The series found a comfortable stride in the handheld world, and moving away from that isn’t always a strong step – so it’s a good thing that the Switch is a little bit of both worlds. The game is great for playing in short bursts, with even ten to fifteen minutes feeling like enough to really get something done, even if it’s just returning a bunch of lost items to your units in the monastery to boost your support links. The characters are endearing and help draw you into the world and its story, complete with divine mysteries to carry you through the school year.
Overall, "The Frozen Wilds" gives one more taste of the game's amazing combat, world and character animation to players like myself who loved Horizon (whether it was straight away or after coming back to it). It's a pity that Guerrilla has stated this will be the game's only piece DLC as it lays even more hints for a greater story in this world.
While I had some difficulty getting into the gameplay at first, due to how different it is to previous games from this developer, I'm glad to have persevered. Given the chance, Pyre opens up a world rich with lore to enjoy, and a variety of characters to throw headlong into magical bonfires. With both the story campaign and a multiplayer match mode available, it's easy to get deep into the Rites yourself.
Overall, these three new Operations feel very consistent with the standard set by the core Watch Dogs 2 experience. The chance to return to San Francisco and geek it up with the DedSec team is welcome, and their characterisation remains as energetic and positive as ever.
Ultimately, Super Mario Maker is paired down on 3DS, but not to ridiculous levels. Editing is as easy on a 3DS touchscreen as a Wii U touchpad — though decidedly easier on a 3DS XL than a 3DS — and gameplay is largely the same. If you own a copy on Wii U, it’s probably better to stick with that. For most of us — who either don’t own a Wii U or who mothballed it a while ago — this entry’s a great little package to pick up for Christmas.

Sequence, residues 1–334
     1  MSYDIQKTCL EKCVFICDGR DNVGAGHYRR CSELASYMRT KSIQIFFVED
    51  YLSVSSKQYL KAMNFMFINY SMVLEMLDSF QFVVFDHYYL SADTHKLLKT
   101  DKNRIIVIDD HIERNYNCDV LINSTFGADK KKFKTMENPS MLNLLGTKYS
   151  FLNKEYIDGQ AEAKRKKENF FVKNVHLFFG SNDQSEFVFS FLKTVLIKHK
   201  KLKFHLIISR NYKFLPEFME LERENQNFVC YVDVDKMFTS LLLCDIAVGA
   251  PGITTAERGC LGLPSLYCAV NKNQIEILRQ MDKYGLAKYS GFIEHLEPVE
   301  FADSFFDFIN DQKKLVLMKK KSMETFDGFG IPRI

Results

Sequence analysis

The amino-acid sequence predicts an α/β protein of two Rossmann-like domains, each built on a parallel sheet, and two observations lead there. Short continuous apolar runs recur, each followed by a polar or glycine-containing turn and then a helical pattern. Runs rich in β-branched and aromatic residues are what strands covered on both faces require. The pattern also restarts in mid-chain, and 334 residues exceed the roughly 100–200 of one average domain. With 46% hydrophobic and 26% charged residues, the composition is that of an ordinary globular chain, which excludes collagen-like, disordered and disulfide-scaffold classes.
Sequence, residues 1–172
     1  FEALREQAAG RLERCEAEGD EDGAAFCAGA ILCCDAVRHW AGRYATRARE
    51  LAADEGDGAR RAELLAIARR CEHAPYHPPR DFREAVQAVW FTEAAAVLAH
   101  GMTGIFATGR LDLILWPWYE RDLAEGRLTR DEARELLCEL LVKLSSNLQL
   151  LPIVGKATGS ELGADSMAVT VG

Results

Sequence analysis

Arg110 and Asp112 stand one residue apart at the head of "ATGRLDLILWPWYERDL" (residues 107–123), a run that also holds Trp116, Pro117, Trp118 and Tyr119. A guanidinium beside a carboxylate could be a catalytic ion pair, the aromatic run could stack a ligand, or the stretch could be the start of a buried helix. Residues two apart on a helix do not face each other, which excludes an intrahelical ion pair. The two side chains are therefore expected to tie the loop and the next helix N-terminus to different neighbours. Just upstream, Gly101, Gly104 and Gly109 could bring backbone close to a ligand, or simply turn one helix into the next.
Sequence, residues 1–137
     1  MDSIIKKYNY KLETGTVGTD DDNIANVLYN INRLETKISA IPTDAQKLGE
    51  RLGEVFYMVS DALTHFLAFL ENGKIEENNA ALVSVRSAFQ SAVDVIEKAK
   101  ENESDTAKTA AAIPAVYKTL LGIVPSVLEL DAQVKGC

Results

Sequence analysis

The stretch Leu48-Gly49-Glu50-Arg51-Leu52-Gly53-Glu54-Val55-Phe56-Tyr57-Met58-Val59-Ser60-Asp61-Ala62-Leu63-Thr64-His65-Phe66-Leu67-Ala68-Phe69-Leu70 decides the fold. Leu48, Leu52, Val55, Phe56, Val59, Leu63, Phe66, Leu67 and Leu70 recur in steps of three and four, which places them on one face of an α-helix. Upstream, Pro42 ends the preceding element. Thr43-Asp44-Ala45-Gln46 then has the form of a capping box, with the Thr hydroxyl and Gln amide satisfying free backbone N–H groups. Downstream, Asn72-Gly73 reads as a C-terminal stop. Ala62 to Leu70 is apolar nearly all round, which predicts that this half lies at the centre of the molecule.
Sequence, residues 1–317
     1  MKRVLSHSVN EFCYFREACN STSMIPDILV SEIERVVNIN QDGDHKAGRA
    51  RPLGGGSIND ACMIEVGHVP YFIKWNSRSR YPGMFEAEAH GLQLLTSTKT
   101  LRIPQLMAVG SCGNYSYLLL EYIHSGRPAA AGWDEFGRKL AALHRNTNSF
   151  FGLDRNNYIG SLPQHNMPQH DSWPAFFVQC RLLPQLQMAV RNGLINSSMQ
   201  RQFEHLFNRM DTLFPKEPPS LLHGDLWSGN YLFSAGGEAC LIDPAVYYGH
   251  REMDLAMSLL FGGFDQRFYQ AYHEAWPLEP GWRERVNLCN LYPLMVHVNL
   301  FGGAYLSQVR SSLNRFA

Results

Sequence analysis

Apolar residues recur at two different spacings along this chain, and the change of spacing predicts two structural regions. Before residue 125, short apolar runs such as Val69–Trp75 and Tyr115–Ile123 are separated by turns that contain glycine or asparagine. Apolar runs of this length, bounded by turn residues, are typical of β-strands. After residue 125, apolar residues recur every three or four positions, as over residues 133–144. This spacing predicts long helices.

All in all, 7th Drgaon III Code: VFD is a fun dungeon-crawling experience with enough bells and whistles to set it apart from the pack. The base-building gives you a fun reason to grind dragons beyond simply levelling up your party, and the reward loop of loot and levelling keeps you interested at just the right pace. Barring the absence of a quick-save option for short burst play on public transport, it’s a great way to while away time as needed, and tells a goofy fun story along the way. But dang, someone get a swear jar for Nodens HQ. That little demon rabbit needs to calm the heck down before Nintendo NOTICES.
While I may not think of this personally as a true Final Fantasy title, that doesn't make it any less of a good game. Despite all my above quibbles, I still haven't been able to put the controller down for any longer than it takes to visit the bathroom or refuel my needy human body. It's understandable why this was set as a side title to the franchise initially, given how much it plays with the formula, but fresh input is what is needed to keep this franchise alive. Final Fantasy XV welcomes new players with open arms, and challenges long-time fans to try something new. It's worth your time, and worth the wait.
Paired with a well-written story and varied soundtrack, Owlboy does something that a lot of pixel-art games don’t – it elevates the medium from the bare requirements. While some games utilise pixel art as an easy way to convey a mechanic or story with simplified visuals, D-Pad Studios have clearly chosen pixel art because that’s what they WANTED to use. It’s no wonder the game has been cooking for nine years now – anything with this much love poured into it doesn’t leave the kitchen until it’s good and ready.